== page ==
War of the Rebellion: Serial 082 Page 0393 Chapter LII. CORRESPONDENCE, ETC.-UNION.

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HEADQUARTERS FIFTH ARMY CORPS, July 22, 1864.

Major-General MEADE:

DEAR GENERAL: I send herewith the Pittsburg Commercial of July 14, which has an allusion to you and myself, which I have marked. Seeing this in the papers I have thought it best to indicate at least one way in which it may have been started. About two weeks ago General Smith told me that it was common talk at General Grant's headquarters that you had told General Grant that you had threatened me with a court-martial if I did not resign. As you had never done so, I could not believe for an instant that you had ever said so to General Grant, and yet I believe the story circulates as coming from the highest authority. I wish to make some public denial of the statement contained in this newspaper.

Respectfully,

G. K. WARREN,

Major-General.

[Inclosure.*]

A late letter from the Army of the Potomac states that General Meade and General Warren have had a disagreement; that the former preferred charges against the latter for disobedience and tardy execution of orders, but that nothing has yet come of it. The same writer says a great deal of jealousy, fault-finding, and mutual derogation has been awakened in the army, at which the country would be astonished, if not disgusted, were the facts to be given. Important changes are rumored.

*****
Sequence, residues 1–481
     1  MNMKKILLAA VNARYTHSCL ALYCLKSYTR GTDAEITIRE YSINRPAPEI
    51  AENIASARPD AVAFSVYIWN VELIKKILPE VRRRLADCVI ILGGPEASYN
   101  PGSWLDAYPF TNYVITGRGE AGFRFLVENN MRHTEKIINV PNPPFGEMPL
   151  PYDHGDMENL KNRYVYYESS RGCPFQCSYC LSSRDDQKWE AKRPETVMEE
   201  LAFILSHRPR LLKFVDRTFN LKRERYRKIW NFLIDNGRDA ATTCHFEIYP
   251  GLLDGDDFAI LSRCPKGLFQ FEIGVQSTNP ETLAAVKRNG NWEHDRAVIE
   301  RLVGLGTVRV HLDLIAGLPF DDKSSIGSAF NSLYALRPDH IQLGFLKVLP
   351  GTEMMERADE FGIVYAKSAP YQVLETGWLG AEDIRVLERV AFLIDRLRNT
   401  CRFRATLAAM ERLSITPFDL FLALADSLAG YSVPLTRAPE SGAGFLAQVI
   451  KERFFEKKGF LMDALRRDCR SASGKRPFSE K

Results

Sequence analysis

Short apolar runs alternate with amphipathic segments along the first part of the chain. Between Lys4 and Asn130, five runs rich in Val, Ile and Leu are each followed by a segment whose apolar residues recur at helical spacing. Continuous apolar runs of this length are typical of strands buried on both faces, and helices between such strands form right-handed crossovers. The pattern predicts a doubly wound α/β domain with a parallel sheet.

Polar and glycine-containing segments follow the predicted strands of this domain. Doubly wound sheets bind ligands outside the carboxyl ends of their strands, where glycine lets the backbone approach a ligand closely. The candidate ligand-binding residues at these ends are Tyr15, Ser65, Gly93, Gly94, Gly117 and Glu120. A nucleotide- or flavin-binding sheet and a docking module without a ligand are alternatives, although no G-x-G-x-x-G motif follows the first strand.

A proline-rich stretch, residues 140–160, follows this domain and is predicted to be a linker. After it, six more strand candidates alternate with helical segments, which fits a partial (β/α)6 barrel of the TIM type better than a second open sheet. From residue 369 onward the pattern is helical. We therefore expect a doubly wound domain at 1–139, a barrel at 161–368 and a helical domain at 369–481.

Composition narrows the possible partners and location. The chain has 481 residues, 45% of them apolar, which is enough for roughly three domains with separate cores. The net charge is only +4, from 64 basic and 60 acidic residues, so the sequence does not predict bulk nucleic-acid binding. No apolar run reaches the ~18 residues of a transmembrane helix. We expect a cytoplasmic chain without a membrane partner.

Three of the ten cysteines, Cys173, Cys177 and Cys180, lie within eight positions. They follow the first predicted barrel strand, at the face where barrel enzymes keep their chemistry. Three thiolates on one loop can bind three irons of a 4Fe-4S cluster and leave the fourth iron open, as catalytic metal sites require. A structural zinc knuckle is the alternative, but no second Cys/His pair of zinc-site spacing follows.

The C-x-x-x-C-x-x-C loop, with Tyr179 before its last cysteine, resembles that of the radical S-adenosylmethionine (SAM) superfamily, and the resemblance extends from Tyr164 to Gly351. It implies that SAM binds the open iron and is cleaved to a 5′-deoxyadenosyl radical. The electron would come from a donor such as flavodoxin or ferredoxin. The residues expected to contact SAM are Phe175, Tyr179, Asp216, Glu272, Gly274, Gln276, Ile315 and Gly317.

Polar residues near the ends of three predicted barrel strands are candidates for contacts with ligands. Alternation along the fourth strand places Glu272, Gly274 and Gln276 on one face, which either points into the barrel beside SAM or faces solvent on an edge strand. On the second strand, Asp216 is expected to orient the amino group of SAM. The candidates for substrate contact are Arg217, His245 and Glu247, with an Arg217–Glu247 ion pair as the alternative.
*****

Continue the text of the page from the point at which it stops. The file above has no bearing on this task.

HEADQUARTERS ARMY OF THE POTOMAC, July 22, 1864.

[Major General G. K. WARREN:]

GENERAL: Although I cannot be responsible for the newspaper correspondents, or the talk of staff officers, I have inclosed a note denying the statement in the Pittsburg Commercial, which you can make any use of you think proper. I could not deny the existence of a disagreement, because there was a serious one between us on the 19th ultimo, and I don't think you ought to be surprised at the publicity, as your conversation in the presence of General Crawford, and within the hearing of several officers outside your tent, precluded the possibility of its being kept private. I frankly confess to you I was very much irritated, and felt deeply wounded by the tone and tenor of your conversation on that occasion, and fully determined, on leaving you, to apply to have you relieved. I did speak to General Grant upon the subject, with whom I have frequently spoken about you, and I even went so far as to write an official letter giving my reasons for desiring you to be relieved, but upon further reflection, in view of the injury to you, and in the hope the causes of disagreement would not occur in the future, I withheld this letter, and have taken no official action. I do not desire any concealment of my views from you; on the contrary, am glad of this opportunity of an explanation. I have never entertained any but the most friendly feelings toward you, and have always en-

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*Marked in newspaper.

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